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Re: Reanimate <xmp>

From: Thomas Broyer <t.broyer@gmail.com>
Date: Mon, 10 Dec 2007 15:11:37 +0100
Message-ID: <a9699fd20712100611i14d5b9cey8e1ab71cdb60f9a6@mail.gmail.com>
To: public-html@w3.org

2007/12/10, j.j.:
> Thomas Broyer hodd gsachd:
>
> > That being said, I'm really not convinced that XMP is needed at all:
> > you only have to do a search/replace for & to &amp; (you're already
> > doing it anyway) and < to &lt; (other characters don't need any
> > special treatment).
>
> It's a great benefit ecpecially (but not only) for inexperienced
> authors.

That's where our opinions diverge.

Newbie: how do I show some HTML code in an HTML page? If I just
copy/paste my code, it's interpreted by the browser. I.e. I don't want
bold text, I want the string <strong> to appear.

You: enclose your HTML code in <xmp> and </xmp> tags

Me: search/replace all your < into &lt;.
Now, you should also enclose the whole thing inside <code>, and if you
want your spaces and line breaks to be preserved, use a <pre> (you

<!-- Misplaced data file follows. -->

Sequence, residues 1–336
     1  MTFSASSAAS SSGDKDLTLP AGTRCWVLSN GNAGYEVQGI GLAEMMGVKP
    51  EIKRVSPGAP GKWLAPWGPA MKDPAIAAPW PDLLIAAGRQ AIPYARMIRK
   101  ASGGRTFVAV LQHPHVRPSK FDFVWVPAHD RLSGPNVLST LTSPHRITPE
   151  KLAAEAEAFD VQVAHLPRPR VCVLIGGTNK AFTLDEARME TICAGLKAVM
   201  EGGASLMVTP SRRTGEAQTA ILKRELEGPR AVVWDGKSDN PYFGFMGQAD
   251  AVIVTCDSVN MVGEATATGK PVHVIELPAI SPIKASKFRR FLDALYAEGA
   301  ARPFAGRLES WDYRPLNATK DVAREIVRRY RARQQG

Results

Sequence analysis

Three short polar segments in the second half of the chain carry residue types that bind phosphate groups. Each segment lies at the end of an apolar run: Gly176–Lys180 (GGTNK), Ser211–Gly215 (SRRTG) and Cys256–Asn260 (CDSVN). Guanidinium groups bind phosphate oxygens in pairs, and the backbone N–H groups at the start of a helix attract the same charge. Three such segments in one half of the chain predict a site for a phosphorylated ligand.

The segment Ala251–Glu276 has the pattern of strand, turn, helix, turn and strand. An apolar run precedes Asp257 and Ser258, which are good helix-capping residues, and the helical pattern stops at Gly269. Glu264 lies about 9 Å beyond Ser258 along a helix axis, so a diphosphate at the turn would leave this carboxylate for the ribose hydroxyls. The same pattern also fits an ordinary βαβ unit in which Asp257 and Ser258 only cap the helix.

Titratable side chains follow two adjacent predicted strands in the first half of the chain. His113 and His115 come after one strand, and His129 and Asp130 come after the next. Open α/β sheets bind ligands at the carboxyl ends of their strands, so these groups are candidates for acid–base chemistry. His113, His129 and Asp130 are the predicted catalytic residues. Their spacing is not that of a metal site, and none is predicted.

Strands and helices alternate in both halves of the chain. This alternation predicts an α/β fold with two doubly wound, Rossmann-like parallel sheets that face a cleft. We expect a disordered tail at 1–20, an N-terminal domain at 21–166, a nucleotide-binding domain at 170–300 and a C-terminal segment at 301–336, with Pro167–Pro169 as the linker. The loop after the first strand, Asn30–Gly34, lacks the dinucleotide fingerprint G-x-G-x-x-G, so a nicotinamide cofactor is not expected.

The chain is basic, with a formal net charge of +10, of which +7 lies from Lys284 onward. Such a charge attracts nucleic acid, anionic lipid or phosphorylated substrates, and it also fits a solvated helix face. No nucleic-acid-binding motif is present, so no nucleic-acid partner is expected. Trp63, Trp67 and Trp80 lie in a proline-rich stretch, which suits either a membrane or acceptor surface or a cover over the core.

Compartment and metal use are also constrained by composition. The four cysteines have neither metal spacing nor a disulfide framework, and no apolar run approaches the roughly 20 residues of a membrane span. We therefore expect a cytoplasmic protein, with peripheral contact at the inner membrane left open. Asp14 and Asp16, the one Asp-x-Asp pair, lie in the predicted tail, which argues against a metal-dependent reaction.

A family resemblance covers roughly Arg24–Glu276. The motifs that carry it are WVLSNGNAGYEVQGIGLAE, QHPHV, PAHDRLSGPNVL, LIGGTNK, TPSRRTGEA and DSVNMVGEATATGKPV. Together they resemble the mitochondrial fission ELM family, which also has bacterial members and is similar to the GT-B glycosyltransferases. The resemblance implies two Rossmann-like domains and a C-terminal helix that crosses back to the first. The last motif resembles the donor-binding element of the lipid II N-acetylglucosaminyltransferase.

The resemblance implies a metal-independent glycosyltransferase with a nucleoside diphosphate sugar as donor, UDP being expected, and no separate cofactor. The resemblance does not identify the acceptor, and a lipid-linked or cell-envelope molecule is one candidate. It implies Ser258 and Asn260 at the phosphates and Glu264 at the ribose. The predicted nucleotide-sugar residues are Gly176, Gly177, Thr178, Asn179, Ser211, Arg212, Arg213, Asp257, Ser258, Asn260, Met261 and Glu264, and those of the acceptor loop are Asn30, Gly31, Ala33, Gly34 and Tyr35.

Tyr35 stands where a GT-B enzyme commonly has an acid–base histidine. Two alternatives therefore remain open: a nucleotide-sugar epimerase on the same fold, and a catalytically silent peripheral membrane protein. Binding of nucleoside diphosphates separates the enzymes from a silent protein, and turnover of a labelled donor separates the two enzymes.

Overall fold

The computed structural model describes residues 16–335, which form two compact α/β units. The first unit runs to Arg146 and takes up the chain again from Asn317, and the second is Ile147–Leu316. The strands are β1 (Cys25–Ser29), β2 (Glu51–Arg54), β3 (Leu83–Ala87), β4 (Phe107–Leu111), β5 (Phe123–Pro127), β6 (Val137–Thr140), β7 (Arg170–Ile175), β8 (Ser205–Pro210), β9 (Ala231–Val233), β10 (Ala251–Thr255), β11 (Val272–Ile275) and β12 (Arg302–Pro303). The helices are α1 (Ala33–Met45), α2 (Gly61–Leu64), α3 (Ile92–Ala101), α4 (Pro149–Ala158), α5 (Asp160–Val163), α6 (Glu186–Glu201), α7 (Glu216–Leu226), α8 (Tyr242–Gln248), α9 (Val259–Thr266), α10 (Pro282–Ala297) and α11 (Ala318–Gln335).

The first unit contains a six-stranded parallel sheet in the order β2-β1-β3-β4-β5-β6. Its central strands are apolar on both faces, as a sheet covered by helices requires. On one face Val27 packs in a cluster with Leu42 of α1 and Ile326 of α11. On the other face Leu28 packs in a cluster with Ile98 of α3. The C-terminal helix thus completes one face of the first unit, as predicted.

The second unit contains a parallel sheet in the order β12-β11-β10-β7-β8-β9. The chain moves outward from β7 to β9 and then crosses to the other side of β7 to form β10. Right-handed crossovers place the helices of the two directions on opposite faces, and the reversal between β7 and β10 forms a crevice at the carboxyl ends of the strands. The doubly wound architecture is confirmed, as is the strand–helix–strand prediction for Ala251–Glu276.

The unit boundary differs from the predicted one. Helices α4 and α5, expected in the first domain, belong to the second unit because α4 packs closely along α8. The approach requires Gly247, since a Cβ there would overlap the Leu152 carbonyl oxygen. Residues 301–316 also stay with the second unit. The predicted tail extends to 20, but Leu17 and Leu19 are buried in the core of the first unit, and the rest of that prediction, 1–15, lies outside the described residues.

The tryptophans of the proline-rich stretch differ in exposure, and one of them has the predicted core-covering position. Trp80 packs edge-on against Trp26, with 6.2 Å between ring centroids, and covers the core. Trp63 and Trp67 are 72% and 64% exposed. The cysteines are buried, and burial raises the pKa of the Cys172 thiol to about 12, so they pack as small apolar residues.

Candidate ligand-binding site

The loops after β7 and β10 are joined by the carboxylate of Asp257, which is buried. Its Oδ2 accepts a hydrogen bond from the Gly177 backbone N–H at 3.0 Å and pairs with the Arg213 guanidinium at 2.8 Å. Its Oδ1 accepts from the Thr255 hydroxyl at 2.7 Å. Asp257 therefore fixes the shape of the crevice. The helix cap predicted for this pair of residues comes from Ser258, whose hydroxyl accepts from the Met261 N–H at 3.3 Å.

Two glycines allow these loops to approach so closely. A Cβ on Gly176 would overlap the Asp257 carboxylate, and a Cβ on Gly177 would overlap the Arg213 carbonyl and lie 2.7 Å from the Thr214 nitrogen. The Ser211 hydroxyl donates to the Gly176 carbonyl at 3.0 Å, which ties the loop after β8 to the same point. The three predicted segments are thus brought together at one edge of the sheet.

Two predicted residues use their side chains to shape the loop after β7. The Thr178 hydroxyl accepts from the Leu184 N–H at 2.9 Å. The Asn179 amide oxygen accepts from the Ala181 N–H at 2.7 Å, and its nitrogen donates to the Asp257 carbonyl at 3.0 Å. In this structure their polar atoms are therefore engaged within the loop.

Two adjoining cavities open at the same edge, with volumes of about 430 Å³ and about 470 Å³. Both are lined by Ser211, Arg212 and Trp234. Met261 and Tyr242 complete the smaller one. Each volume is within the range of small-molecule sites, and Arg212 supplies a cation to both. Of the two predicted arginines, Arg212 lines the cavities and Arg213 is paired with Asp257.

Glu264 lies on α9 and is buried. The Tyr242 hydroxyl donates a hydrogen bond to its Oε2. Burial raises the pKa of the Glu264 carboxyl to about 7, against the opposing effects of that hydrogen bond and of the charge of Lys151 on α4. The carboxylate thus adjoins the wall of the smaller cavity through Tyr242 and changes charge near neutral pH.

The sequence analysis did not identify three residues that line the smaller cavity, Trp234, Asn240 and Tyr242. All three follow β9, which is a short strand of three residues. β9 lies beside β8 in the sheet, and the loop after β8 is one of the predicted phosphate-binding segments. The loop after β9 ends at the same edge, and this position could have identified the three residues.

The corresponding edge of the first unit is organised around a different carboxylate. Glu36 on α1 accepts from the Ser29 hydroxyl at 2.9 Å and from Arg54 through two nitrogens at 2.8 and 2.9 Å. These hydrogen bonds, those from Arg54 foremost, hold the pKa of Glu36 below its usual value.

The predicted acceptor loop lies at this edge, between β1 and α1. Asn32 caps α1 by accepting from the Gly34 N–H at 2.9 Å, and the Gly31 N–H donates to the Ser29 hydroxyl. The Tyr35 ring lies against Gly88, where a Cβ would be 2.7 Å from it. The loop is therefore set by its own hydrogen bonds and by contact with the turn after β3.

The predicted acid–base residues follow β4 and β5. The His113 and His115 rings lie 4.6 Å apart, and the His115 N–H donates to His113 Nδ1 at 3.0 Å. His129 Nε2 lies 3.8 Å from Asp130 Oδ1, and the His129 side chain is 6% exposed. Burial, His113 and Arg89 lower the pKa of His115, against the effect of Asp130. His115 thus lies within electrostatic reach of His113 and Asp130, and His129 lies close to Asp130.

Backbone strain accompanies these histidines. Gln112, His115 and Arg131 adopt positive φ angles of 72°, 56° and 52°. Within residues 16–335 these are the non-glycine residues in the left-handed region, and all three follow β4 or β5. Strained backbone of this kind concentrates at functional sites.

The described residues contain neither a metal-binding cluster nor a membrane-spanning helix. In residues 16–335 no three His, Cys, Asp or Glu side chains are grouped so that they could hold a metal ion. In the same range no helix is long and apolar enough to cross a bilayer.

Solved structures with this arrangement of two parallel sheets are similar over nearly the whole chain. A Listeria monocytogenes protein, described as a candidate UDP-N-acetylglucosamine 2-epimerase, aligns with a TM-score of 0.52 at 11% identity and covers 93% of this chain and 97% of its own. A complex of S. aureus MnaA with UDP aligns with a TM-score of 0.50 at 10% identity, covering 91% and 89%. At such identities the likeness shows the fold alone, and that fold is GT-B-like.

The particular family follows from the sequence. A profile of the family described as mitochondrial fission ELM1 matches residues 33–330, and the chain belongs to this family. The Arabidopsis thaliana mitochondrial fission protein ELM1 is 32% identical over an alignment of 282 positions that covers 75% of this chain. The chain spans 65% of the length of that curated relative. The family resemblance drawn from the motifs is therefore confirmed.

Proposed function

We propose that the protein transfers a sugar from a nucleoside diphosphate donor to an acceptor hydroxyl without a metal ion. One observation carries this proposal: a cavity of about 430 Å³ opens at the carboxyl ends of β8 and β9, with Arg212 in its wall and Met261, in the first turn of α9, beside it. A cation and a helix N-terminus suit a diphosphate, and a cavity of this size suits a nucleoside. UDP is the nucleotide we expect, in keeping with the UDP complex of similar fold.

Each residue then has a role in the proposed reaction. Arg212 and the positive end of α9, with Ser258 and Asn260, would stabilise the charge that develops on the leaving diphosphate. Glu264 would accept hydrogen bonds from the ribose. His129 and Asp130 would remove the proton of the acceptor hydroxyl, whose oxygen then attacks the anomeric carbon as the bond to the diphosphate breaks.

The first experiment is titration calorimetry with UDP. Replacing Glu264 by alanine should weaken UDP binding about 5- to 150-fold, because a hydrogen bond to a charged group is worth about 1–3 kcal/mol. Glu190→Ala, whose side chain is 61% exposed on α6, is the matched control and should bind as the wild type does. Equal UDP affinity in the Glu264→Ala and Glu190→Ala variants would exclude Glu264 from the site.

might already know both).

> And author's requirements have currently higher priority for
> us than theoretical purity.
> <http://www.w3.org/TR/html-design-principles/#priority-of-constituencies>

It's not a matter of theoretical purity:

Newbie: cool! now how can I make some parts bold, or blue? It's for a
step-by-step tutorial and I want to put in relief the changes from one
example to the other.

You: er, you can't, at least with <xmp>...

Me: just use markup within your <pre><code>. (actually, I doubt the
newbie would have even asked, he probably would have found the
solution himself; with xmp, he would have been disappointed surely)

-- 
Thomas Broyer
Received on Monday, 10 December 2007 14:11:44 UTC

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